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Hipster Farmers Are Abandoning Their Chickens, Flooding Animal Shelters

Urban chickens become animal shelter refugees when their owners get tired of taking care of them.
Urban chickens become animal shelter refugees when their owners get tired of taking care of them.

It's been a few years since many cities enacted laws allowing urban "farmers" to have chickens in their backyards. It seemed like a good enough idea at the time, but a mere two to three years later, animal shelters and chicken rescues say people are abandoning their chickens when they stop laying eggs or just don't want to care for them anymore.

"It's the stupid foodies," one critic told MSN News. "We're just sick to death of it . . . People don't know what they're doing."

See also: - Processing Chickens in Arcadia with Caroline Van Slyke - Virginia Homeowner Faces Criminal Charges for Keeping Chickens in Her Backyard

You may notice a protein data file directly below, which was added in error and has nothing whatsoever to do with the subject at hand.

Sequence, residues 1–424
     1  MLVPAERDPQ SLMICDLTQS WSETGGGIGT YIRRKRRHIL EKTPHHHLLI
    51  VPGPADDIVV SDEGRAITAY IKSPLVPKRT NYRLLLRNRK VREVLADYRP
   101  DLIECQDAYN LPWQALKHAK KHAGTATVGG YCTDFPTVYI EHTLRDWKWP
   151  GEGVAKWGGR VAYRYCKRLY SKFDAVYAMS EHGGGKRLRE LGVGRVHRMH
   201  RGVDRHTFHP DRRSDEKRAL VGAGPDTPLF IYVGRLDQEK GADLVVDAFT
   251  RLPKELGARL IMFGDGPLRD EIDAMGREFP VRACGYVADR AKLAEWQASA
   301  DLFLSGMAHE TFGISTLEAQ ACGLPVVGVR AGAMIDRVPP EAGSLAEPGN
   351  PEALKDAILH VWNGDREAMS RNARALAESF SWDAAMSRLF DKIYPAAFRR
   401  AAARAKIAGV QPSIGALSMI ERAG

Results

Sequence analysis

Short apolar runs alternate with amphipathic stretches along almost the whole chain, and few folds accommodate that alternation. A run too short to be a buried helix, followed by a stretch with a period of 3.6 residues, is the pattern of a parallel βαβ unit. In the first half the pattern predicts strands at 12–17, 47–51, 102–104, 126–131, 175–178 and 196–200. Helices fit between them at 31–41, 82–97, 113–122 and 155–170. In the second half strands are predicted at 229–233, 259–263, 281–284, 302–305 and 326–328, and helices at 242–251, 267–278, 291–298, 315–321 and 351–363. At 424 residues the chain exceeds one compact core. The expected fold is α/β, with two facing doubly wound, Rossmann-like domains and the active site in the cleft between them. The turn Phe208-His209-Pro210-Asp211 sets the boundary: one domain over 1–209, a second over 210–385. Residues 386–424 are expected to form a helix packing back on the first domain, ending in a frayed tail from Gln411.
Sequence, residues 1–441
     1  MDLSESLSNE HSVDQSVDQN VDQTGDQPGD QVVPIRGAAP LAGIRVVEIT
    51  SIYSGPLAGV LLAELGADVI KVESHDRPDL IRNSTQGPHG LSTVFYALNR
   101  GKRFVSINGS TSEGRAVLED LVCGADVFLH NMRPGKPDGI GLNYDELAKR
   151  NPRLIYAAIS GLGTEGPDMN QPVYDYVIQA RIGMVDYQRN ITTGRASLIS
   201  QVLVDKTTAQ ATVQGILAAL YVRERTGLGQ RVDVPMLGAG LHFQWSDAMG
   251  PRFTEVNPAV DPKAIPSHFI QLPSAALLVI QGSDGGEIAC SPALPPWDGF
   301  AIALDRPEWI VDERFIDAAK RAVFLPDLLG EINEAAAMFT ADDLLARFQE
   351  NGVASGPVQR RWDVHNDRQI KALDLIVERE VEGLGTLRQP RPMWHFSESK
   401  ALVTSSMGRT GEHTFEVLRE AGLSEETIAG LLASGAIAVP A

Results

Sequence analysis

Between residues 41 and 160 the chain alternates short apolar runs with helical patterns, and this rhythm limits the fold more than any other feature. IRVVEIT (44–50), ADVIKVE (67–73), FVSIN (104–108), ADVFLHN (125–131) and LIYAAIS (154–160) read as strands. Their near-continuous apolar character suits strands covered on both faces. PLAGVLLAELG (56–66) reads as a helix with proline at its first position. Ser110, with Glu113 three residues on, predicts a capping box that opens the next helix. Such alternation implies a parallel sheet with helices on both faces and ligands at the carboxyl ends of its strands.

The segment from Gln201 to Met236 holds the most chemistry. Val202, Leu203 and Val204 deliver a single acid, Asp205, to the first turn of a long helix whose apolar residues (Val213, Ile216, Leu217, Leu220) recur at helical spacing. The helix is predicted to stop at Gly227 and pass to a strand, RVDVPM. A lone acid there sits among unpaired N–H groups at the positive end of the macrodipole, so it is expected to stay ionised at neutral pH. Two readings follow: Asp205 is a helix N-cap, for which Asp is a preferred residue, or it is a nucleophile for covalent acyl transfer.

According to Chicken Run Rescue, a Minneapolis urban chicken rescue, more than 500 chickens were dropped off at animal shelters across the United States. Other chicken rescue groups say they also receive 400 to 500 chickens a year.

These critics say that many people don't realize how much work chickens can be. The birds live eight to 10 years, but some lay eggs for only two of those years. Many "urban farmers" aren't up to such a long-term commitment once the chickens become pets rather than egg producers.

Of course, home chicken advocates say there are more issues with improperly cared for cats and dogs than chickens.

It's hard to argue, though, that there aren't a lot of people who don't know what they're getting themselves into. Chicken Run Rescue owner Mary Britton Clouse told MSN she recieved this message last month:

"One of our hens grew up into a rooster and our neighbors are starting to complain. Do you know someone who might take him?"

"People don't know what they're doing," she said. "And you've got this whole culture of people who don't know what the hell they're doing teaching every other idiot out there."

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